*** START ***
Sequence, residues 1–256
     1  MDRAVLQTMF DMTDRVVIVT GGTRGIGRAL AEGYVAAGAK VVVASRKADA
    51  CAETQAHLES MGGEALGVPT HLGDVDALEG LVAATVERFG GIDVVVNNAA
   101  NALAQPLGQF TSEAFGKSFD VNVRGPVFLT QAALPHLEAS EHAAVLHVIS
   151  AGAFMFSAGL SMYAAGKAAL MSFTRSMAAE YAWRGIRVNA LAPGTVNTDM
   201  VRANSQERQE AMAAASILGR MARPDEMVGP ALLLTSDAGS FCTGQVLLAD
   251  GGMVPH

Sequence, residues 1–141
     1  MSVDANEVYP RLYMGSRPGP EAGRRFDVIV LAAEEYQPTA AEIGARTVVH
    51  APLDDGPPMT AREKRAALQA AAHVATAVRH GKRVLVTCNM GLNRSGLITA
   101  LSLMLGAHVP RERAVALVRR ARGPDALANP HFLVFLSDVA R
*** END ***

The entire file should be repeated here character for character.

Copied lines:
Sequence, residues 1–256
     1  MDRAVLQTMF DMTDRVVIVT GGTRGIGRAL AEGYVAAGAK VVVASRKADA
    51  CAETQAHLES MGGEALGVPT HLGDVDALEG LVAATVERFG GIDVVVNNAA
   101  NALAQPLGQF TSEAFGKSFD VNVRGPVFLT QAALPHLEAS EHAAVLHVIS
   151  AGAFMFSAGL SMYAAGKAAL MSFTRSMAAE YAWRGIRVNA LAPGTVNTDM
   201  VRANSQERQE AMAAASILGR MARPDEMVGP ALLLTSDAGS FCTGQVLLAD
   251  GGMVPH

Sequence, residues 1–141
     1  MSVDANEVYP RLYMGSRPGP EAGRRFDVIV LAAEEYQPTA AEIGARTVVH
    51  APLDDGPPMT AREKRAALQA AAHVATAVRH GKRVLVTCNM GLNRSGLITA
   101  LSLMLGAHVP RERAVALVRR ARGPDALANP HFLVFLSDVA R